In 2006, I started running FreeBSD 6.2 in a beta release of Parallels Desktop. It was quite the learning experience, and further cemented my love of this OS. Half a decade later, I find myself trying to run FreeBSD 9.2 in Parallels Desktop 9.
A lot has changed in FreeBSD; the workstation teams have done a terrific job. For one, we have the stunningly beautiful pkgng system which negates another reason why I stuck with Linux in several different settings. On the Xorg front, we no longer need to configure xorg.conf manually, and we don't need messy modelines to manually enable widescreen resolutions. It takes reading a post I wrote in 2007 to really appreciate this!
From an end-user perpective, we also now have xrandr. A simple front end to randr, it allows us to specifiy our screen resolution on the fly without rebooting X, and without root permissions. Install:
# pkg install xrandr
Now we can specify our desired initial screen resolution in our .xinitrc along with our window manager and other such goodies. Below, we've specified we want a resolution of 1024×768 and the Xfce desktop when we start our graphical X server:
xrandr -s 1024x768 && exec startxfce4
I remember reading somewhere that .xinitrc was depracated, but I can’t remember where. For now at least, it still works.
Why is this important for Parallels?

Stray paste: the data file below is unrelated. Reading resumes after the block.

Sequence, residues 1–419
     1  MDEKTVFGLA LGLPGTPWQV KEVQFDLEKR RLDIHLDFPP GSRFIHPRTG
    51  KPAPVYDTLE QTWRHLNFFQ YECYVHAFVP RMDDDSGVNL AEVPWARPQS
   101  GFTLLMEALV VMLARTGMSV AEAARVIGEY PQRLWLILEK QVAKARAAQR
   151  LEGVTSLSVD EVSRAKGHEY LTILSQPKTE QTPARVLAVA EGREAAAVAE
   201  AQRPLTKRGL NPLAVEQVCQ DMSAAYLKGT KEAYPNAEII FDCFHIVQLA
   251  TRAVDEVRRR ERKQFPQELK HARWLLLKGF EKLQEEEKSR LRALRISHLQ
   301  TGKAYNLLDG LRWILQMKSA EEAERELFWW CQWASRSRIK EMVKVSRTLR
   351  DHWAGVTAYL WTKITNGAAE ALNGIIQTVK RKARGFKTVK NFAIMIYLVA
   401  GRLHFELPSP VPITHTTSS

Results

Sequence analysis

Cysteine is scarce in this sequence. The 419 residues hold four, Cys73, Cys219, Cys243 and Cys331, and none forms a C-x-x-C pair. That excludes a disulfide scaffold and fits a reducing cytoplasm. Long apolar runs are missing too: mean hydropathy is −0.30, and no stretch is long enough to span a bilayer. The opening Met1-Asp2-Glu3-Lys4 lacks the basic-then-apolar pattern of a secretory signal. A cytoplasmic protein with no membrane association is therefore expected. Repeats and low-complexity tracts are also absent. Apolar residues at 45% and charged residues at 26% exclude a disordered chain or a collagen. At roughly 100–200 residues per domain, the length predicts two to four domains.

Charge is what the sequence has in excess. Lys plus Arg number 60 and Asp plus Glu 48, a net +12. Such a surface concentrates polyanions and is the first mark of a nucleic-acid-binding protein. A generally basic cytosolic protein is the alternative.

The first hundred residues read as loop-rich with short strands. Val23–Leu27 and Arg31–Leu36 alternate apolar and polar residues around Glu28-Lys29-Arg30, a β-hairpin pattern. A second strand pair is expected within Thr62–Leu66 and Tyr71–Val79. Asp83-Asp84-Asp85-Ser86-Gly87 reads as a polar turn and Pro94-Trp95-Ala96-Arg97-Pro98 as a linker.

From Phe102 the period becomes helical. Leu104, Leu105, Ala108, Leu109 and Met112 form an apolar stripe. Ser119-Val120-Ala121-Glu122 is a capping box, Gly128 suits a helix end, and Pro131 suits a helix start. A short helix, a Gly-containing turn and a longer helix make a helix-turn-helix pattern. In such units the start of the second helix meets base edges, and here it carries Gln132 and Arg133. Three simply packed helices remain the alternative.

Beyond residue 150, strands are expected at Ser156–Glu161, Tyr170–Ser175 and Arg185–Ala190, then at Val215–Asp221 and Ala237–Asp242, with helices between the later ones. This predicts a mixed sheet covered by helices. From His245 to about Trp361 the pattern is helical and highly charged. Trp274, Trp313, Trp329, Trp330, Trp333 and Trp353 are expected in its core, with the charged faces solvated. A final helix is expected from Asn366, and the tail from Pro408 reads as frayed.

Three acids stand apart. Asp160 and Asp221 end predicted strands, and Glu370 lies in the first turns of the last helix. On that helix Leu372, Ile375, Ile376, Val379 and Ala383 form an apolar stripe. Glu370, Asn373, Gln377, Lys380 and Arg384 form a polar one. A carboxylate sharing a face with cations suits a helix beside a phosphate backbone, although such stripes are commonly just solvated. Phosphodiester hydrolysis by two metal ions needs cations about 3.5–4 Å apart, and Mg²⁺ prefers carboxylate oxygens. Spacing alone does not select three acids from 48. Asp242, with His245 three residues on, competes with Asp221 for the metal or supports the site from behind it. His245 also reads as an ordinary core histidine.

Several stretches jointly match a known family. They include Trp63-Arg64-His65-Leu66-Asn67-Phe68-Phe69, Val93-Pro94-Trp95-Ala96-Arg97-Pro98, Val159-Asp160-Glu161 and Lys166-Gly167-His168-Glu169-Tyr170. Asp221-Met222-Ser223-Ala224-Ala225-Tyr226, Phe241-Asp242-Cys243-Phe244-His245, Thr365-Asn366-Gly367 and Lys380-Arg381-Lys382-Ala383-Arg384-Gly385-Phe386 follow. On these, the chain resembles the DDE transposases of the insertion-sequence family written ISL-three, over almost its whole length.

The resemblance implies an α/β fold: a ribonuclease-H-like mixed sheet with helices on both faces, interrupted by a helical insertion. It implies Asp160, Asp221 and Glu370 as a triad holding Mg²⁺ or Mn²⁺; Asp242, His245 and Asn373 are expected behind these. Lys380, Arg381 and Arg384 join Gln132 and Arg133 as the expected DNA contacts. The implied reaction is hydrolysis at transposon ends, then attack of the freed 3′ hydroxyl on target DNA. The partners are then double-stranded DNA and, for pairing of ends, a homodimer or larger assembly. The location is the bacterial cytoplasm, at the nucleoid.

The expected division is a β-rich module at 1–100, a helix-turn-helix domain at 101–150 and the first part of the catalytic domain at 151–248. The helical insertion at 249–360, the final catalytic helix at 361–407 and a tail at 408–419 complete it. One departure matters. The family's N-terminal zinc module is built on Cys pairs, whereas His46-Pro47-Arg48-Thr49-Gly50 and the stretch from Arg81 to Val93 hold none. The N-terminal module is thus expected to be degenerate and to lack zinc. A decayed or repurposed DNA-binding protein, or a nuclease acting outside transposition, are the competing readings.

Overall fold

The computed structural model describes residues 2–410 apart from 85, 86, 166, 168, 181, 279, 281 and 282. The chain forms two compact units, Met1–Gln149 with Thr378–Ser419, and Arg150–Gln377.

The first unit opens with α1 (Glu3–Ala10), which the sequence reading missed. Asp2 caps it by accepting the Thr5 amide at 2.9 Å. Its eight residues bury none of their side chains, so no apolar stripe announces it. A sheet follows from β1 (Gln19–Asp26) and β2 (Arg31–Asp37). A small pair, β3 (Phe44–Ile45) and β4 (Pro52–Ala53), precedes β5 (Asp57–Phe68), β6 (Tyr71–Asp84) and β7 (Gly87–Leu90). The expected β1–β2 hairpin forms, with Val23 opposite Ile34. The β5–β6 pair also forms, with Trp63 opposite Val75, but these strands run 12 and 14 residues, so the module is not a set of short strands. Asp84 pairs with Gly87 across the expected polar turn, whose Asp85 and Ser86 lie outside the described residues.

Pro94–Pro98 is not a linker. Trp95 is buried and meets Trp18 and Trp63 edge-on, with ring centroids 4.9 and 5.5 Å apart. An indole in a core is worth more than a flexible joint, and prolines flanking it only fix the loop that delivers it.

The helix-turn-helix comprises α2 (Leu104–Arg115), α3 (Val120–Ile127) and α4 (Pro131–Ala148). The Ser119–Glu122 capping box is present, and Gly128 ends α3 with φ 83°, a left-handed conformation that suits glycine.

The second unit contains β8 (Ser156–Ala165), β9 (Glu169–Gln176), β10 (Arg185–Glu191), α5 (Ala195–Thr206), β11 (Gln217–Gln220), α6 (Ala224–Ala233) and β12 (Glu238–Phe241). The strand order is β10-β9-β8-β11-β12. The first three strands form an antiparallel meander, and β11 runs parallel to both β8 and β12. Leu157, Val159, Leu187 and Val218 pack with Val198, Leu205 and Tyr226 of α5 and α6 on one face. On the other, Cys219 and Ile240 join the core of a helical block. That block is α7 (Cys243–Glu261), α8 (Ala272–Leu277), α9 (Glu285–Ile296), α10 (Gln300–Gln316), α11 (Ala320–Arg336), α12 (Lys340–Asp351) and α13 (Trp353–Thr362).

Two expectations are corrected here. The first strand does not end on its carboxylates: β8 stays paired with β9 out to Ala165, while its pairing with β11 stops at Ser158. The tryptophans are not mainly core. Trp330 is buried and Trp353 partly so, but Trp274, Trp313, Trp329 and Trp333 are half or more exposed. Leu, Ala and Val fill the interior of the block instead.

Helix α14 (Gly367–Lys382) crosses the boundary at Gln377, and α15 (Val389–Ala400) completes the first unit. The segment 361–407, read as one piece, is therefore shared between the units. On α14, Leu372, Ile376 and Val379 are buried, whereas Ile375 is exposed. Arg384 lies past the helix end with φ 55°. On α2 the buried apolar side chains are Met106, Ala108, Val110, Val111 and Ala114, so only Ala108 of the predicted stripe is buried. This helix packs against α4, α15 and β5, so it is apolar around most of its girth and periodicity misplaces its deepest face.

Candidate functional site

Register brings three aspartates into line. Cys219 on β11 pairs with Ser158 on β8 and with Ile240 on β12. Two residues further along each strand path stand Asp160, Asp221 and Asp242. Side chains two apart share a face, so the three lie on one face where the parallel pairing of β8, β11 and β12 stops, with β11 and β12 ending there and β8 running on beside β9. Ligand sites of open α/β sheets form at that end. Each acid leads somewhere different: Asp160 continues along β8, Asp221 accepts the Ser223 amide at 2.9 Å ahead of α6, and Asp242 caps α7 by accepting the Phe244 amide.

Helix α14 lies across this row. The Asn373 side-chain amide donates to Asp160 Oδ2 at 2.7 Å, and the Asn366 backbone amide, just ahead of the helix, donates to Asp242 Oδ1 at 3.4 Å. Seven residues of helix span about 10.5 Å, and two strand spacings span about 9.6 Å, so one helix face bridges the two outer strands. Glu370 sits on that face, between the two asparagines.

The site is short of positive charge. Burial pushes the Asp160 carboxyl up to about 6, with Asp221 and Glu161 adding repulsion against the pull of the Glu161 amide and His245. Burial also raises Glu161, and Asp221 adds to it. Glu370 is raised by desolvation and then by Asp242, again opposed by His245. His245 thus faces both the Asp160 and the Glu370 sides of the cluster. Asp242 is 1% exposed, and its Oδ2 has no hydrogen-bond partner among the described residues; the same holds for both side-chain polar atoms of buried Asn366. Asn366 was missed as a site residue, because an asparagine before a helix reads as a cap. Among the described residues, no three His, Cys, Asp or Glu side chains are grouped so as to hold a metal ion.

With the latest release of Parallels, this is very important. The vesa driver detects my humble MacBook Air is capable of driving a 1920×1200 display, so it starts X at that resolution. On my internal 1366×768 display, this means a lot of squishing and impossible to read text. Setting 1024×768 as above offers native resolution, albeit with black letterboxing.
This is where we hit a snag. Using the -q option, we can query which screen sizes are available and supported for our use. After changing on-the-fly to 1280×800 to test widescreen operation, this was the output:
% xrandr -q xrandr: Failed to get size of gamma for output default Screen 0: minimum 640x480, current 1280 x 800, maximum 1920x1200 default connected 1280x800+0+0 0mm x 0mm 1920x1200 0.0 1600x1200 0.0 1680x1050 0.0 1400x1050 0.0 1280x1024 0.0 1440x900 0.0 1280x960 0.0 1280x800 0.0* 1024x768 0.0 800x600 0.0 640x480 0.0
Alas, the native 1366×768 resolution of this MacBook Air is not among those listed. From what I've been able to find, this is a limitation of the xf86-video-vesa driver.
This was mostly an excercise in curiousity; I run FreeBSD on my ThinkPad hardware natively. Still, it would be nice to re-creaate what I had on my original MacBook Pro all those years ago. The next step will be to see if the Parallels tools have been maintained for FreeBSD, and if there's a driver offering.